“The queen has an unchanging style which has been perfection; the death of Diana was the one occasion where reliance on tradition and precedent were not appropriate and Blair was fortunately there to advise her,” Fitzwilliams says.
The queen met all the demands and more, after first balking. She rose to the occasion with a stirring live speech to the nation (a rarity) before the funeral in which she paid tribute to Diana.
In deed and metaphor, the queen bowed her head to Diana’s coffin, and it was sincere. Diana was no longer a member of the royal family, and she had behaved in obnoxious ways in the years before her 1996 divorce, but she was still the mother of the queen’s young grandsons; this was a gesture no loving grandmother would withhold.
“Diana had a real effect on the monarchy,” Smith says. “They realized, in their practical and efficient way, that Diana had touched people in a special way, in accessibility and informality. They commissioned research, polling, focus groups, and they responded, not in a dramatic way, but in an incremental way. The queen did things a little more informally, she loosened protocol.”
Immediately, public opinion about the queen and her family swung back to its previous high levels. In the years since Diana’s death, the royals have been more popular than ever, culminating in extravagant displays of affection for the queen during her Diamond Jubilee in 2012 and for her 90th birthday in 2016.
Even Prince Charles and his second wife, Camilla, Duchess of Cornwall, the longtime mistress Diana blamed for her marital woes, are popular (if only because they are not as widely despised as they were in 1997).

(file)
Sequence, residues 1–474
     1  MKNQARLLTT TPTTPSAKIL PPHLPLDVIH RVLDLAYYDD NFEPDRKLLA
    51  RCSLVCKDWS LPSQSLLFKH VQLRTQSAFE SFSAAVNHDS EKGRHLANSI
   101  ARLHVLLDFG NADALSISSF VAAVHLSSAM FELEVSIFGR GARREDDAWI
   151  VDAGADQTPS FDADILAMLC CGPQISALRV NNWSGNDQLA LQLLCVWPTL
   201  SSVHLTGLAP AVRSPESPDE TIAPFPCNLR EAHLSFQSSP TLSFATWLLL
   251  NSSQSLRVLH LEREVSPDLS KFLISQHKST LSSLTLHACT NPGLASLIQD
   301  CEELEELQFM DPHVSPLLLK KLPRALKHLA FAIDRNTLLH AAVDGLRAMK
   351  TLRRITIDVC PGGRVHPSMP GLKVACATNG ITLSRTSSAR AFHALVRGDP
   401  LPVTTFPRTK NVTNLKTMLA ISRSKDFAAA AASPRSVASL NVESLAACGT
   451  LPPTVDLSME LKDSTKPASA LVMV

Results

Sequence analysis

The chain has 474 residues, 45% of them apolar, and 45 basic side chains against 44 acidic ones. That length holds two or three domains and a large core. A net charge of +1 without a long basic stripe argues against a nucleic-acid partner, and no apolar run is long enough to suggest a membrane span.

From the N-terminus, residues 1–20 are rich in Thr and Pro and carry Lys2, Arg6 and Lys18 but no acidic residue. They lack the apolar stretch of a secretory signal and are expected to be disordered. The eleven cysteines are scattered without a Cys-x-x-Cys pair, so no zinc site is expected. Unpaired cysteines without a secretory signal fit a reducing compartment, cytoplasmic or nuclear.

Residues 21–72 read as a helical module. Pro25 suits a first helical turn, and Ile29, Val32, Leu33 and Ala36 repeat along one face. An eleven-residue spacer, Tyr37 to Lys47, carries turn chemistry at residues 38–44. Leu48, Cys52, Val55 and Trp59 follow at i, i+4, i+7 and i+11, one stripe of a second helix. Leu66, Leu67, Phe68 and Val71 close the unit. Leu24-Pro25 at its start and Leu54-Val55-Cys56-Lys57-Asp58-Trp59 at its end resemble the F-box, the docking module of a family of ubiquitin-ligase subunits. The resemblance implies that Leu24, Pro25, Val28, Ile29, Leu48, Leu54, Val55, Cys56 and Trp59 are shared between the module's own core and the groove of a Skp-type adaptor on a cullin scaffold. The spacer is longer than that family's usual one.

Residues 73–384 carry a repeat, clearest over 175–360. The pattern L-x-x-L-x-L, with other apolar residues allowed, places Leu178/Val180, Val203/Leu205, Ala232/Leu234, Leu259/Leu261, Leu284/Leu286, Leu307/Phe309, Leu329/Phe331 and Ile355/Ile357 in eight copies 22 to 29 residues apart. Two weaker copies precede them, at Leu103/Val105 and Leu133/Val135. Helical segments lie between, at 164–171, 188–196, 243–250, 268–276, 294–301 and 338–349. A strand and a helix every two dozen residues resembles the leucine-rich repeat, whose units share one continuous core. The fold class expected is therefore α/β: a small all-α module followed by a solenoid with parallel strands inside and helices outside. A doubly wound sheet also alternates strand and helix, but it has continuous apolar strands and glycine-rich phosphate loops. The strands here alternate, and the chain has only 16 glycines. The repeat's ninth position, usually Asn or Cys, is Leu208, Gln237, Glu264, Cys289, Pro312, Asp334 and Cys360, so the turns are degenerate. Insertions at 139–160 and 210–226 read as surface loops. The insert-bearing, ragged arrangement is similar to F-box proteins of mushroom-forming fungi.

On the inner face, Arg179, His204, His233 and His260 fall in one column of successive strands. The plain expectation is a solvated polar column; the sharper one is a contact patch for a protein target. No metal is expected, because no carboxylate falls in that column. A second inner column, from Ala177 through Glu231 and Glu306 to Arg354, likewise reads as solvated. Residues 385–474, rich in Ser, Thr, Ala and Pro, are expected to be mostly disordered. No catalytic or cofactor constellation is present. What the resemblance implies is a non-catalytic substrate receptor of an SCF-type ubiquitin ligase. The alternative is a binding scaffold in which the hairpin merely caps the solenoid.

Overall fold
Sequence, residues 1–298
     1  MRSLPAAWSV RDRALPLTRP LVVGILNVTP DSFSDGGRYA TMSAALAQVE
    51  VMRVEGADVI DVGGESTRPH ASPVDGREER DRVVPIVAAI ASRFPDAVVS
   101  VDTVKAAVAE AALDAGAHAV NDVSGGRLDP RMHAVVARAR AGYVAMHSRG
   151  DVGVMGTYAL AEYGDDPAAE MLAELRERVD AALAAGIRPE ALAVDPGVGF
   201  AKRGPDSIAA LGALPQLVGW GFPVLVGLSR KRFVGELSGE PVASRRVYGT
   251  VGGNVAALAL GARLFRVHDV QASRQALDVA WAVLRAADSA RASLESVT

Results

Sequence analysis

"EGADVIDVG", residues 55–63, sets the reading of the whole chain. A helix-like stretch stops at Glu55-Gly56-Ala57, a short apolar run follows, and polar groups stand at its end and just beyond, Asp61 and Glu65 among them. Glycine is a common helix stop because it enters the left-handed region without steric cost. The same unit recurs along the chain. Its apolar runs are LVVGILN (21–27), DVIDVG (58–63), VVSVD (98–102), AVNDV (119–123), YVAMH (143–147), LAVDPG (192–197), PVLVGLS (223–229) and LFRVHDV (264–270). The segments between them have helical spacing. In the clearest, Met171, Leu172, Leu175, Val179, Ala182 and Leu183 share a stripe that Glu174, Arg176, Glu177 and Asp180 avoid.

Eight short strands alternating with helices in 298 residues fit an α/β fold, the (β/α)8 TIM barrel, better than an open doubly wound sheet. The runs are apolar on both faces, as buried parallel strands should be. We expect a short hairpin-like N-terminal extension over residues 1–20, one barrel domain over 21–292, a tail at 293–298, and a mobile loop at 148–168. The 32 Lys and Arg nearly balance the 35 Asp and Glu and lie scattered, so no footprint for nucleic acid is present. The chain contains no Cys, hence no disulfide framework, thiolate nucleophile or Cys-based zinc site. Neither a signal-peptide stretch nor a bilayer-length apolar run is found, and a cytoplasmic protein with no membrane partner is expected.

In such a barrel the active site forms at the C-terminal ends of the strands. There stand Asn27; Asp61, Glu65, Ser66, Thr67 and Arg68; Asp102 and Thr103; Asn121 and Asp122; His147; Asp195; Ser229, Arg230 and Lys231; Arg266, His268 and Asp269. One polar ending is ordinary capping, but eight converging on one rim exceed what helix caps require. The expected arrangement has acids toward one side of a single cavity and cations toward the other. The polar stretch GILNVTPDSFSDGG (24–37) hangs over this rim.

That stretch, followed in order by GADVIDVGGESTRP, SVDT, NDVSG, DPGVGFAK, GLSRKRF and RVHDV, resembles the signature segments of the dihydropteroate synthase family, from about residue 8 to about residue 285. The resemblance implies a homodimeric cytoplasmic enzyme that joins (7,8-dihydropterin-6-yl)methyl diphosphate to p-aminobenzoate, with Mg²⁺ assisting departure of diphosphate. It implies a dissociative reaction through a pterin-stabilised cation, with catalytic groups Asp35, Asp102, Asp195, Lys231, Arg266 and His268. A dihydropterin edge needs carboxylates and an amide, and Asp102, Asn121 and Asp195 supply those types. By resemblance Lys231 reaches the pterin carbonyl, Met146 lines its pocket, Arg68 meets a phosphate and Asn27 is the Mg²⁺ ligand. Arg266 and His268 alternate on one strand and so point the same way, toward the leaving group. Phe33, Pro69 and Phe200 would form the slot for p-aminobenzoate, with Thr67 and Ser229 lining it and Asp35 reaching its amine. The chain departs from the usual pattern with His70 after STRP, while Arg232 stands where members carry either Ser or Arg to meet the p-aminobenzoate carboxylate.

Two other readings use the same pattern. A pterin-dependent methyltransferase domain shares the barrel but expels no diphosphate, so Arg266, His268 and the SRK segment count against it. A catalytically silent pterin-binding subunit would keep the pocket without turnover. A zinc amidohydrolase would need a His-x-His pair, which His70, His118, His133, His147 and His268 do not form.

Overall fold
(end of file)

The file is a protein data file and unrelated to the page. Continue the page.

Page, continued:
Victoria Arbiter, daughter of the queen’s former press secretary and a royal commentator for CNN in New York, says “little glimpses of Diana” are everywhere apparent today. But she also gives credit to the queen.
“You can’t take anything away from the queen and her ability to adapt and evolve and meet the needs of the people at any one time,” Arbiter says. “Diana should be credited with many changes, one of which is the royal family is very much more hands on. They’re getting much more involved on a visceral level as a result of Diana.”
Society’s expectations have changed, Arbiter says. The deference and formality associated with the royals are disappearing. You might not see the queen sipping tea in a Starbucks, but she’s no longer quite as remote as she once was.
“It’s been slow, gradual change,” Arbiter says, “and Diana was definitely the trigger.”